Gene mutations that are beneficial on their own combine to slow down progress
Evolution may be an exercise in diminishing returns, two new studies of bacteria suggest. When beneficial mutations team up in an organism, they tend to hold one another back.
The results, reported in the June 3 Science, could mean that the more evolutionarily fit an organism gets — reproducing more — the harder it becomes to improve on that success.
Experiments in which bacteria evolve in laboratories commonly show that the microbes initially increase in fitness rapidly, but then slow down over time. Scientists didn’t know whether that was because really good mutations that produce big fitness gains happen early on (and later beneficial changes tend to have smaller effects), or whether mutations interfere with one another.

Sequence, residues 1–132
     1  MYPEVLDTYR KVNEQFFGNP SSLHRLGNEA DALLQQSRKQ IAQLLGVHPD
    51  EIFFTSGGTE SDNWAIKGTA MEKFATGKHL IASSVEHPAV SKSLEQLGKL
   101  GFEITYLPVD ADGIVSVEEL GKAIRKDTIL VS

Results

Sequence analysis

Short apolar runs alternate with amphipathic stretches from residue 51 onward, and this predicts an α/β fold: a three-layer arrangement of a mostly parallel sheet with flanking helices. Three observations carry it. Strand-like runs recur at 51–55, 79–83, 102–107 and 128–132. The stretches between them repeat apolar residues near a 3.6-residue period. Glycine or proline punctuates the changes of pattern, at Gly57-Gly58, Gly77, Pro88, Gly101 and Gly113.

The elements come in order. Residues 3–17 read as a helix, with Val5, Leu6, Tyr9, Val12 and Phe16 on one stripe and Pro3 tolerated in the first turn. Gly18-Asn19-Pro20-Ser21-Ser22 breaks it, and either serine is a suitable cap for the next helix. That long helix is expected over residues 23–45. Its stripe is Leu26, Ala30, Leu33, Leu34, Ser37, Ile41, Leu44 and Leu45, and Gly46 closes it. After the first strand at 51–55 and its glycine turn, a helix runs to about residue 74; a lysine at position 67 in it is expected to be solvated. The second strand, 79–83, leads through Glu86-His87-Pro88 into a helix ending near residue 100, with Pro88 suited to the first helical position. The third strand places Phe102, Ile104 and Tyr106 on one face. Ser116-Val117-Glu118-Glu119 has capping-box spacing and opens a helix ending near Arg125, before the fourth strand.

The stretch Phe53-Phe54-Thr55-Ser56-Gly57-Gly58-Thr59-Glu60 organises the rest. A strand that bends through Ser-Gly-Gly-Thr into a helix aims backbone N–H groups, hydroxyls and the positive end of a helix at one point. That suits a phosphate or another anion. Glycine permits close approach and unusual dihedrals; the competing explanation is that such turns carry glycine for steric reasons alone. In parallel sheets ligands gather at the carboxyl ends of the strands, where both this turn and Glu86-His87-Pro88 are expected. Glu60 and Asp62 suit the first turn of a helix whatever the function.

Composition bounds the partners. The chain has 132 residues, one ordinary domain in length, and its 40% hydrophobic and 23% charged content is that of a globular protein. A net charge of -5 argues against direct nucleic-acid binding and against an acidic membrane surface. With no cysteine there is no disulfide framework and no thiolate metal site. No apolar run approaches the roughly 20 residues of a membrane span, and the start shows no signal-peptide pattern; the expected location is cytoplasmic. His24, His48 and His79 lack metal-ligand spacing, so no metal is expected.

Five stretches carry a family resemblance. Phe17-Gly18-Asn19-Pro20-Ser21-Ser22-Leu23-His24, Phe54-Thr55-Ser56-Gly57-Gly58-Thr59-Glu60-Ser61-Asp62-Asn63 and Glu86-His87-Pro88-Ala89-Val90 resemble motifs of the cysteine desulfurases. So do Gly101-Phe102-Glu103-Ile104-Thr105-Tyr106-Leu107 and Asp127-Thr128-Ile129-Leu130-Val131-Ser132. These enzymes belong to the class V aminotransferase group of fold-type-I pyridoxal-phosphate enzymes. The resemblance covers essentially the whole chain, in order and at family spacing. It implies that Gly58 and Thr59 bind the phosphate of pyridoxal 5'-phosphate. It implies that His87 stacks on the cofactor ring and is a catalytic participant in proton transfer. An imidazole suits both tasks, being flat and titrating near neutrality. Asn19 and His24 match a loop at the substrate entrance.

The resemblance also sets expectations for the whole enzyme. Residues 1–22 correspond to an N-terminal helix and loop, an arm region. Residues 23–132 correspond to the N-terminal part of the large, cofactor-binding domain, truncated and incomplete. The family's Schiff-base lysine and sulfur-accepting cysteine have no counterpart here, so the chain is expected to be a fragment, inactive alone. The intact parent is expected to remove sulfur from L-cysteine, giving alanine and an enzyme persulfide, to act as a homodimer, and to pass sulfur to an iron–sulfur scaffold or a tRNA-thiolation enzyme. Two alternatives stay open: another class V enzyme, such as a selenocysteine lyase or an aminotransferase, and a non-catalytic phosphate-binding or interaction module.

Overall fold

To find out, an international team of researchers examined five mutations that appeared in a strain of E. coli that had been growing in the lab for thousands of generations (S